Datasets were constructing starting from the mu284 example dataset included in the {survey} package (type ?mu284 in R for details), which is an unstratified, two-stage sample with five PSUs and three SSUs within each PSU. To create larger designs, the mu284 dataset was duplicated as needed to create multiple strata and larger numbers of PSUs within each stratum. For example, to create a dataset with three strata and 10 PSUs per stratum, the mu284 dataset was duplicated six times, with each pair of duplicates grouped into different strata and the PSU ID labels updated to result in ten distinct PSUs per stratum.

Click to show R code for benchmarking

# Initialize list of parameter configurations and timing results ----
  benchmark_results <- expand.grid(
    'n_variables' = c(1,100),
    'n_psus_per_stratum' = c(5, 10, 25, 50, 100, 500, 1000, 2500, 5000, 10000),
    'n_strata' = c(1, 5, 10, 15, 20, 30),
    'one.stage' = c(TRUE, FALSE)
  ) |>
  filter(one.stage | (n_psus_per_stratum <= 50))

  benchmark_results[['n_rows']] <- NA_real_
  benchmark_results[['base_r']] <- NA_real_
  benchmark_results[['rcpp']] <- NA_real_
  # Initialize output CSV file ----
  output_filename <- sprintf("multistage-benchmarking_%s.csv",
  readr::write_csv(x = benchmark_results[0,], file = output_filename,
                   append = FALSE)

  # Loop over parameter configurations and data sizes ----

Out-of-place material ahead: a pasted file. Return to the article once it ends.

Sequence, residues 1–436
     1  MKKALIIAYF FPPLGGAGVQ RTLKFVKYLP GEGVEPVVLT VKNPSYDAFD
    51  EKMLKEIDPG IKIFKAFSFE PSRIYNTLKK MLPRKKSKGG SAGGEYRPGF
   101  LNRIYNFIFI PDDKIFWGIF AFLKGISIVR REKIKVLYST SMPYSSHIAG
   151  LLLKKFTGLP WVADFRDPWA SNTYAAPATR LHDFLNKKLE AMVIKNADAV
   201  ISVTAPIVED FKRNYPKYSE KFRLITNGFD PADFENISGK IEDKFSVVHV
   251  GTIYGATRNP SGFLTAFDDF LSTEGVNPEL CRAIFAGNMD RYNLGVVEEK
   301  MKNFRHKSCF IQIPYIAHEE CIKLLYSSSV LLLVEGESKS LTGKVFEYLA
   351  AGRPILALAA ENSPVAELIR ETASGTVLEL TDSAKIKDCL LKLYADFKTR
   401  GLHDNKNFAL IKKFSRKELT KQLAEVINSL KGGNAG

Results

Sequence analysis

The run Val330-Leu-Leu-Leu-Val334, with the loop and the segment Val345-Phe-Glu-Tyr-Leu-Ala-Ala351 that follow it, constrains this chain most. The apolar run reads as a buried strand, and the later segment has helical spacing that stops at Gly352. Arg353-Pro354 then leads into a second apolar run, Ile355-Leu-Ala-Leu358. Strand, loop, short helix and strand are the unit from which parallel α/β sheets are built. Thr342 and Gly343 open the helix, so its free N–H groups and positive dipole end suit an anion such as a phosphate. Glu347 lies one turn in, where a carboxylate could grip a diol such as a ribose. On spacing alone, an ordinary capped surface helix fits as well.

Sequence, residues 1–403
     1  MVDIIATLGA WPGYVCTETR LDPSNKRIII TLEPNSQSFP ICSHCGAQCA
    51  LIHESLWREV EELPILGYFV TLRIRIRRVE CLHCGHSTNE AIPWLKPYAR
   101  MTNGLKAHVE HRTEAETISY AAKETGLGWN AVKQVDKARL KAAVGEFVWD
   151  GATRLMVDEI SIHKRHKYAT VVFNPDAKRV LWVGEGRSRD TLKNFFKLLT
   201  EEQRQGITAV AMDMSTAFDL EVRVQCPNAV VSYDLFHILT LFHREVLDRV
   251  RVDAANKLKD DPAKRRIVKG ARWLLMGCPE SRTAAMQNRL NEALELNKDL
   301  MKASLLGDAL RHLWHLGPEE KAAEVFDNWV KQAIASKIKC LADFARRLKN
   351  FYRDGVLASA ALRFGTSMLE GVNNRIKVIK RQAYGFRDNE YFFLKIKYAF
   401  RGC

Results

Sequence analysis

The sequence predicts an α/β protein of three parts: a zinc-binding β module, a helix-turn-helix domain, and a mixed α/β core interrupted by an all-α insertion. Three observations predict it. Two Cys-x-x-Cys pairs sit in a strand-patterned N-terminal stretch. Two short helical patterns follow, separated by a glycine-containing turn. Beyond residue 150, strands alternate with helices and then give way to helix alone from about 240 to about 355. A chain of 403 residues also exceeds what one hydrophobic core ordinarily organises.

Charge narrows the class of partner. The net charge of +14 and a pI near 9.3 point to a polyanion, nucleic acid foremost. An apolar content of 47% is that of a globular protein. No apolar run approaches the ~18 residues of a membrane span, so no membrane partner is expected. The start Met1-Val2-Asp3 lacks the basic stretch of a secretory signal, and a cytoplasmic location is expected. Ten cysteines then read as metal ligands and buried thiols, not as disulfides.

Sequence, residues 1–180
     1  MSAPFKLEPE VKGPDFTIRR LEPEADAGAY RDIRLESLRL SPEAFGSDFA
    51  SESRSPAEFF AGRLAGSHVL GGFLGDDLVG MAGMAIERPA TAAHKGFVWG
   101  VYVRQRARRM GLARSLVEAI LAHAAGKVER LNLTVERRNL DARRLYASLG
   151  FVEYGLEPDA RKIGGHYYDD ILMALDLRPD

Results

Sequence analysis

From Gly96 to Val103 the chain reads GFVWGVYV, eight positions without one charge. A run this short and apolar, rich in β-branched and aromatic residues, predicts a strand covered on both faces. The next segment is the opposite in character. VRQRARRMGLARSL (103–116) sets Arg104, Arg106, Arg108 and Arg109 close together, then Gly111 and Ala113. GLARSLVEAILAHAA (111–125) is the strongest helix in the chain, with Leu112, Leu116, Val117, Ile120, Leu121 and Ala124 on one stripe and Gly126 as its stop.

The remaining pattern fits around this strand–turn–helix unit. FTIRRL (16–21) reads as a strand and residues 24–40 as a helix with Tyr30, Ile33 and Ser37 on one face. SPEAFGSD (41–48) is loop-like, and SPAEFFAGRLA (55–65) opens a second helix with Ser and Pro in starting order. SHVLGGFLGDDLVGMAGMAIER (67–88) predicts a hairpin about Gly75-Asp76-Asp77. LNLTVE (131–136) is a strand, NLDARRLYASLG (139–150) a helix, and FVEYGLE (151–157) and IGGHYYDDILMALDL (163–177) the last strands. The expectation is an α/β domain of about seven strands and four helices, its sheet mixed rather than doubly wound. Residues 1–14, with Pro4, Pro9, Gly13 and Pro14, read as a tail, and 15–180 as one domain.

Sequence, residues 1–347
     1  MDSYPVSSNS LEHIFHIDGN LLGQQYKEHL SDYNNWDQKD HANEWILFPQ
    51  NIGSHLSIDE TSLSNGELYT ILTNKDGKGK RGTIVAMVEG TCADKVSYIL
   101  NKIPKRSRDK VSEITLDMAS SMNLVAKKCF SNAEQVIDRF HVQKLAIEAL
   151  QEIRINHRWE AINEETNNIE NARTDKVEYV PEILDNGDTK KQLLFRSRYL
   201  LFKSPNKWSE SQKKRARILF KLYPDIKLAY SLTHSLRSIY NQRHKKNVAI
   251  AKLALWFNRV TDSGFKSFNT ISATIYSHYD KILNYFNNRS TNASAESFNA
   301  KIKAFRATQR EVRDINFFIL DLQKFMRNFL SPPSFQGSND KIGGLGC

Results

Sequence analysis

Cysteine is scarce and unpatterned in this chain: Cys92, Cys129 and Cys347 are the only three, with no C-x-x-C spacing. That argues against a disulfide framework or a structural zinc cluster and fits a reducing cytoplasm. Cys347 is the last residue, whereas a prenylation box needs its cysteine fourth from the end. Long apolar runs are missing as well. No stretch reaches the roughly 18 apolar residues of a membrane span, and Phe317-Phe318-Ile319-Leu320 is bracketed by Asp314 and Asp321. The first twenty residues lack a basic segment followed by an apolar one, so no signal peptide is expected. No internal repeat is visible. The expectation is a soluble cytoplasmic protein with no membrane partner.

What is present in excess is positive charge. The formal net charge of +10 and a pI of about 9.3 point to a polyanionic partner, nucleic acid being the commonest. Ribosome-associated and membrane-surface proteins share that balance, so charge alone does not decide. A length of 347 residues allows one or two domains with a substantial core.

for (i in seq_len(nrow(benchmark_results))) {    
    ## Create a design object of desired size
    n_strata <- benchmark_results[['n_strata']][i]
    n_psus_per_stratum <- benchmark_results[['n_psus_per_stratum']][i]
    one.stage <- benchmark_results[['one.stage']][i]
    n_variables <-  benchmark_results[['n_variables']][i]
    design_data <- NULL
    # "While loop" to create strata
    H <- 1L
    while (H <= n_strata) {
      new_rows <- NULL
      psu_prefix <- 100
      # "While loop" to create PSUs within a stratum
      hi <- 5L
      while (hi <= n_psus_per_stratum) {
        new_rows  <- rbind(new_rows, transform(mu284, id1 = psu_prefix + id1))
        hi <- hi + 5L
        psu_prefix <- psu_prefix + 100
      new_rows <- transform(new_rows, stratum = H)
      design_data <- rbind(design_data, new_rows)
      H <- H + 1L
    k <- 2
    while (k <= n_variables) {
      var_name <- paste0("y", k)
      design_data[[var_name]] <- design_data[['y1']] + rnorm(n = nrow(design_data), sd = 3)
      k <- k + 1L
    # Update first-stage FPC variable to avoid errors
    design_data[['n1']] <- design_data[['n1']] * n_psus_per_stratum
    # Create survey design object
    design_obj <- svydesign(data = design_data |>
                              dplyr::arrange(stratum, id1, id2),